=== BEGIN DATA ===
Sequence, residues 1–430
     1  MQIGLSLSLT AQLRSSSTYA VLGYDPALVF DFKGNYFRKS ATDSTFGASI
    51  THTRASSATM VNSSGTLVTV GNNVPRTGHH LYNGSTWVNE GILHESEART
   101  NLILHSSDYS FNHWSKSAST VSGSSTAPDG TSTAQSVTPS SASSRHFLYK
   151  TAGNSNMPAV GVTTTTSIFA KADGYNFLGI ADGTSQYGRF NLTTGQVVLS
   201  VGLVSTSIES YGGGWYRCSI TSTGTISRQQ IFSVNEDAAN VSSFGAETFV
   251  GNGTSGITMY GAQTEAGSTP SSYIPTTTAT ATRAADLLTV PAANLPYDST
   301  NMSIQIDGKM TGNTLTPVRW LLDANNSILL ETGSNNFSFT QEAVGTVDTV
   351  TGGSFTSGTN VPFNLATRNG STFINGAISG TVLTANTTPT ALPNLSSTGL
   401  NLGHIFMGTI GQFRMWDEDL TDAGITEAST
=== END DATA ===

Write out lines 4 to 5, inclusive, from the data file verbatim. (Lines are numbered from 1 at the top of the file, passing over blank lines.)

   101  NLILHSSDYS FNHWSKSAST VSGSSTAPDG TSTAQSVTPS SASSRHFLYK
   151  TAGNSNMPAV GVTTTTSIFA KADGYNFLGI ADGTSQYGRF NLTTGQVVLS